Expecting the Pakistani security megacorp to backtrack from 68 years of sub-conventional military options against India is, admittedly, a long shot. Even so, our strategy should not assume an unchanging world. Like many others, Pakistan is concerned over the changing face of political Islam, with Frankenstein’s monsters like the Tehrik-e-Taliban Pakistan (TTP) and the Islamic State challenging the Pakistan Army. Numerous Indian experts on Pakistan (and every Indian believes she is one) had confidently predicted that Rawalpindi would never crack down on the TTP, or launch a military offensive in North Waziristan. But the ideological swings and shifting allegiances of international jihad, forced Pakistan to confront one set of its own monsters.

True, Pakistan has so far cracked down only on the bad terrorists, the rebellious TTP. For now, the good terrorists --- including the JeM and LeT  --- remain loyal to Rawalpindi and offer no provocation that justifies winding them up. But this is not a constant. In 2003 the JeM --- a perfect Pakistan Army poodle for years --- turned on its master, staging at least three assassination bids on General Pervez Musharraf. Rawalpindi knows well how growing ideological and operational linkages between the good and the bad terrorists have the potential to subvert the army’s control over the former.

It is bad strategy for India to assume an unchanging world, even if the prospects of change are tenuous. Instead of waiting for change to happen within Pakistan, New Delhi should adopt a pro-active strategy --- catalysing, facilitating and making room for that change. This does not imply looking at Pakistan through rose-tinted glasses, or condoning terrorist strikes by so-called “non-state actors” in the hope that Islamabad will take them down. What this strategy does involve is strengthening our intelligence and security networks so that terrorists are denied operational success of the kind they obtained in Pathankot; developing retaliatory capability for pin-point strikes on jihadi targets inside Pakistan; diplomatically managing the potential for escalation; and, meanwhile, keeping a tight lid on political rhetoric and name-calling, so that Rawalpindi and Islamabad can crack down on jihadi groups without appearing to be acting at India’s behest.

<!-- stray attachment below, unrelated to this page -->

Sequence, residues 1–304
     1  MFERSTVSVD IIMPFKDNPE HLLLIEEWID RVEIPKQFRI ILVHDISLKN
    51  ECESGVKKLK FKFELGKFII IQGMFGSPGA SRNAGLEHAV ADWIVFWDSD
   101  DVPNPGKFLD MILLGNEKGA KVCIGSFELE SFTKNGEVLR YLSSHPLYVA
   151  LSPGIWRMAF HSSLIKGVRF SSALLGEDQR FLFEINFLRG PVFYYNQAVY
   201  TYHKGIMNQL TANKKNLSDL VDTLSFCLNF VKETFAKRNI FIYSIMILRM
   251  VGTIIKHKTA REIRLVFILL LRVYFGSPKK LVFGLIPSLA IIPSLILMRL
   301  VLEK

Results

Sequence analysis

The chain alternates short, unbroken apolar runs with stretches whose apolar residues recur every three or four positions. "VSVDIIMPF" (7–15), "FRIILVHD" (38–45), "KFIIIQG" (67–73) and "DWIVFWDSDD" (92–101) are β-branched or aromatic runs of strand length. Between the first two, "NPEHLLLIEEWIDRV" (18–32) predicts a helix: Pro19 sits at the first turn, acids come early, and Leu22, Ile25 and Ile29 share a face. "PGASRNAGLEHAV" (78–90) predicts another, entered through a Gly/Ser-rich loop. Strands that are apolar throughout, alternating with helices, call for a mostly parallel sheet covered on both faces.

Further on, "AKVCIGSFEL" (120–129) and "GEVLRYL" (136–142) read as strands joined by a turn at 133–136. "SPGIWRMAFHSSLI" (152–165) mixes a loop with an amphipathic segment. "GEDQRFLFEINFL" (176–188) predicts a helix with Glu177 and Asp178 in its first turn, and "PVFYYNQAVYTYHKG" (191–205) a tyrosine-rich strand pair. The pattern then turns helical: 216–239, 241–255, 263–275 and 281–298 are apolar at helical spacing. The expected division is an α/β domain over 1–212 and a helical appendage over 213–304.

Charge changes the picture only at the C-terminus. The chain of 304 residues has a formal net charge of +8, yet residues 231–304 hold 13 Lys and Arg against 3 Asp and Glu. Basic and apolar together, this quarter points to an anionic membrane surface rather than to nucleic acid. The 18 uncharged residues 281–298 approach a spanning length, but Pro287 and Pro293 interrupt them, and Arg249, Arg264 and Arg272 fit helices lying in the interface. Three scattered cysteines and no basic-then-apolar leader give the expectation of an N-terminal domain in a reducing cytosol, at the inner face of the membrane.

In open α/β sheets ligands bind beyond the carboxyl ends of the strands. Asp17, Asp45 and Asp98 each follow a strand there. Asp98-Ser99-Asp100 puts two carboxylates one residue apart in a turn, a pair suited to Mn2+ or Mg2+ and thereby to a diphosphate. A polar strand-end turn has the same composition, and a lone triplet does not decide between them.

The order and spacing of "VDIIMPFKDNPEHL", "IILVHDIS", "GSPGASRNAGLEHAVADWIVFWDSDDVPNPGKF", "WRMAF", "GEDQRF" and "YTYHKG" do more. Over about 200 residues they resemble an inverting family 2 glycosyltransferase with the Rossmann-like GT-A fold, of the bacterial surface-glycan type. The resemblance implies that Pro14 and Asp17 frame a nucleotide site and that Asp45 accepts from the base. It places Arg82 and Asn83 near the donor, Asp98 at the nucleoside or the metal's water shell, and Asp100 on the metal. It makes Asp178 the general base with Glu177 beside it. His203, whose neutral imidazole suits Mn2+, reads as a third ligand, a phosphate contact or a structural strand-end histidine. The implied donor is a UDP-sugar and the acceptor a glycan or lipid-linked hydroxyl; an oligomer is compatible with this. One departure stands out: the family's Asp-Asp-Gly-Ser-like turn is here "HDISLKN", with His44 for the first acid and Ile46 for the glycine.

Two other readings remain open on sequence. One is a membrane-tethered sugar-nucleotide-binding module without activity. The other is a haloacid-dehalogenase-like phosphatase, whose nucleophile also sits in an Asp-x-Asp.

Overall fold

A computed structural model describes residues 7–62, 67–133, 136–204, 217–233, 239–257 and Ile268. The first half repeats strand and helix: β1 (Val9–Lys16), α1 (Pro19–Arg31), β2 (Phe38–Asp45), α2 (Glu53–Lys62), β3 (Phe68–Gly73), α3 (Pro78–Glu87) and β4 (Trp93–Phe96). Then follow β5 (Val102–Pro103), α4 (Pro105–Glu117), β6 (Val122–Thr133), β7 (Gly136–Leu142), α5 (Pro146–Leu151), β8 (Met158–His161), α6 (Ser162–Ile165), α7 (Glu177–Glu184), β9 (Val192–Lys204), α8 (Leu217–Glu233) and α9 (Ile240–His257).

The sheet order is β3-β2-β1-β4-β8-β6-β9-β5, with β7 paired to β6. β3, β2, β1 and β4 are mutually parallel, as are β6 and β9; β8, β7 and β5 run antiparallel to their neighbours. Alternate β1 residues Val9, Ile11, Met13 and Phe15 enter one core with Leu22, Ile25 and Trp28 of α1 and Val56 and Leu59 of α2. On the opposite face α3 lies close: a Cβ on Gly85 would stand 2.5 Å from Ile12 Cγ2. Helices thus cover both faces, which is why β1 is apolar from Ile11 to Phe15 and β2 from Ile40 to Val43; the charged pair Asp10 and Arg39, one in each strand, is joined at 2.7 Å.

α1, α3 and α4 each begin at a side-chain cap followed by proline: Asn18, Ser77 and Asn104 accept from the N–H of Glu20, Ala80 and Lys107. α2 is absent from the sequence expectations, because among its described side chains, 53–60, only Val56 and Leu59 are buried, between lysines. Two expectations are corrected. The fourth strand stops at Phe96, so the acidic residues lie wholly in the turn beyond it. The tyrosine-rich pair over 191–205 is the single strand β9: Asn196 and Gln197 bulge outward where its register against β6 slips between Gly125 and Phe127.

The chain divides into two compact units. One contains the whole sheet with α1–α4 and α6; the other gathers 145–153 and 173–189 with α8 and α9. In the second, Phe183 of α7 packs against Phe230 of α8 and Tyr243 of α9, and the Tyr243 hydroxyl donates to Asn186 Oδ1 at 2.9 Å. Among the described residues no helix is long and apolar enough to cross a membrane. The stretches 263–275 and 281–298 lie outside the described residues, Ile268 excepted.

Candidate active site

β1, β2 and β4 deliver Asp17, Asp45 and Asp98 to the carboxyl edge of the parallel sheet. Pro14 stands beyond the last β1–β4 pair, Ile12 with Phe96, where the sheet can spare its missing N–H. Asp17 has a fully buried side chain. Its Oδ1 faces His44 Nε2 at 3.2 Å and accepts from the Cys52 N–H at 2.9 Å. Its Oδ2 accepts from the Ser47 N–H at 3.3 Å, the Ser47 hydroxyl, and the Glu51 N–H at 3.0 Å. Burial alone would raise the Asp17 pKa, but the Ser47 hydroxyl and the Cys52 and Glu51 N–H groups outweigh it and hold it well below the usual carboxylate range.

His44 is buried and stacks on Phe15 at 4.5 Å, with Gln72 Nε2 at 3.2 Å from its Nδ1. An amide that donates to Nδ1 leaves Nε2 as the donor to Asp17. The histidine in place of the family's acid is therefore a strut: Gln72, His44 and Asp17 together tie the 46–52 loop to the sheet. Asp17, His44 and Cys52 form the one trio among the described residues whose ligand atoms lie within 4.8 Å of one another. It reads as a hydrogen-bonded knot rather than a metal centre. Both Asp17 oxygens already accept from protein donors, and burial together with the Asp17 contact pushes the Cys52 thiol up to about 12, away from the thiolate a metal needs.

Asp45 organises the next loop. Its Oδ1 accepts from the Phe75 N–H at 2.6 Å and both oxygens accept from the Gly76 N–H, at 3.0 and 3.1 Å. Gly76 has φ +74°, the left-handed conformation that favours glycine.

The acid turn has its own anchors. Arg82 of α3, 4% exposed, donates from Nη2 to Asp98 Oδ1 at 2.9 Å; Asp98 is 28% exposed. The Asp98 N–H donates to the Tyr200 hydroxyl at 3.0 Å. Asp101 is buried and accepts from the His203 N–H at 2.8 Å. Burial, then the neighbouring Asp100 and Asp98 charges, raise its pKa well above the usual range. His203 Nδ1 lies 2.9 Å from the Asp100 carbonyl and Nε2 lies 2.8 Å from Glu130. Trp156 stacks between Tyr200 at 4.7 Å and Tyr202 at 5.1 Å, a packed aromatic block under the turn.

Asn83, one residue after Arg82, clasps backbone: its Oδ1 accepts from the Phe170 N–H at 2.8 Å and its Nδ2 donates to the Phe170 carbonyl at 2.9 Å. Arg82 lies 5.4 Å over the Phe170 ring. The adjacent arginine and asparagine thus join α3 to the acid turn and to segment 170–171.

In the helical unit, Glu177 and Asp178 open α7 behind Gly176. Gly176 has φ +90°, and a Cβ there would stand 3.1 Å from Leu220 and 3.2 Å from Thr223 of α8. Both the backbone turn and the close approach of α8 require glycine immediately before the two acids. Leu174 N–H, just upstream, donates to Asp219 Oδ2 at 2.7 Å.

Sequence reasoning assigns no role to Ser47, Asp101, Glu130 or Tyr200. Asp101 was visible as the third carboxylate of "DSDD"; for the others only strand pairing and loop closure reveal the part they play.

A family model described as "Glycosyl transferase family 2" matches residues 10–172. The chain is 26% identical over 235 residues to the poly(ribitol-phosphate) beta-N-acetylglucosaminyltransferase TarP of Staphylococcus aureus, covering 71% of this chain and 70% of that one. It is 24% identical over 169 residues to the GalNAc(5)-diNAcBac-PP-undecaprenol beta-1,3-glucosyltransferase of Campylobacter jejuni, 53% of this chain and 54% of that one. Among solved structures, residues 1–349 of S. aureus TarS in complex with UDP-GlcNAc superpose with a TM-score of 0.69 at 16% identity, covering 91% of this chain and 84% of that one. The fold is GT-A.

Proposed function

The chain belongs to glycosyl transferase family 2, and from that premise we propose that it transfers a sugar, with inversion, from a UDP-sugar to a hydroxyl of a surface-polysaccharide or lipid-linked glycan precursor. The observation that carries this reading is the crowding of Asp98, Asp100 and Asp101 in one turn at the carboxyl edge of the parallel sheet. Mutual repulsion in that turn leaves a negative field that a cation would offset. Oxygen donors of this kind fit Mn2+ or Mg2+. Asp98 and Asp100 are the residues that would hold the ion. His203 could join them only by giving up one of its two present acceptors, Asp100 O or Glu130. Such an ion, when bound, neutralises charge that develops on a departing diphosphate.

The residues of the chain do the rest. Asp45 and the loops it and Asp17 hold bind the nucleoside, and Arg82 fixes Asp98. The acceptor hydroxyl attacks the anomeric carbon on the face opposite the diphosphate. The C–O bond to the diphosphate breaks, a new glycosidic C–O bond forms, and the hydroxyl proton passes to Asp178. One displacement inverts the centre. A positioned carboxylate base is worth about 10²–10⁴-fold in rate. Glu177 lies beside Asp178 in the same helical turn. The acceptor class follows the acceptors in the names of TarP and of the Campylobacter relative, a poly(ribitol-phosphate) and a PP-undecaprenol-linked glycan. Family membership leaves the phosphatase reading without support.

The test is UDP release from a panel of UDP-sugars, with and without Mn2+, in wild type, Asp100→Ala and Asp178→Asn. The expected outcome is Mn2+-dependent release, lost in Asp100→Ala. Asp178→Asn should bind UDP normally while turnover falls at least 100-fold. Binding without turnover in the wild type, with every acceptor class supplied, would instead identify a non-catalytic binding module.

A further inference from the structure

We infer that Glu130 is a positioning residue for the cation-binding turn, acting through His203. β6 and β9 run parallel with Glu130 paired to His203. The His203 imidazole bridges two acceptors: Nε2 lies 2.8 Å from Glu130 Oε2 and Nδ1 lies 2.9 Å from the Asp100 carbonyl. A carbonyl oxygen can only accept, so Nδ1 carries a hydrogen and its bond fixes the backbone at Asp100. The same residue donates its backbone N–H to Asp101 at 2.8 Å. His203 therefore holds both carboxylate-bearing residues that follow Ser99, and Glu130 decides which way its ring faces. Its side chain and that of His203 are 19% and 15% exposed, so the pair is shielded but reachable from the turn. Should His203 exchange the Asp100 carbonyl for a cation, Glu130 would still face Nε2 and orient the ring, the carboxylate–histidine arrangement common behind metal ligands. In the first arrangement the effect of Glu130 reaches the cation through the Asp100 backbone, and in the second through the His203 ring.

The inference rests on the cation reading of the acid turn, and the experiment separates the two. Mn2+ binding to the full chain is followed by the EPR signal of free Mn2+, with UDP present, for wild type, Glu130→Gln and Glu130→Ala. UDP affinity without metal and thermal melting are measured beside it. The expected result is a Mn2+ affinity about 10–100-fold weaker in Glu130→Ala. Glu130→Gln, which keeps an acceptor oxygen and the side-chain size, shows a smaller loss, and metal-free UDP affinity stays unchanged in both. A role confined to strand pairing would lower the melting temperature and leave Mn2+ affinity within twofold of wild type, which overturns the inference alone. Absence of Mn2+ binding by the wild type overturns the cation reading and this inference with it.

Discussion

For this, Mr Modi must be convinced that Pakistan is moving, even if cautiously, towards restraining and eventually shutting down the factories of jihad. It may well turn out that Pakistan’s internal incoherence and weakness prevents it from doing what it badly needs to in its own interest. Yet, in deliberately creating the space for such a turnaround in Pakistan, New Delhi would actually have a plan instead of what has passed for strategy over the last one-and-a-half decades --- shrill name-calling, public demands for action that will always remain unmet; and repeated cancellations of talks before starting the sorry circle yet again.

A former Congress minister has publicly advocated dealing with Pakistan by “building a high wall all along the border. There is an Indian security plan to cover gaps in the border fence with “laser walls.” The fact, as our planners probably know, is that physical barriers cannot keep India and Pakistan apart. The two countries will have to accommodate each other, discovering common interest to bridge the chasms that divide them.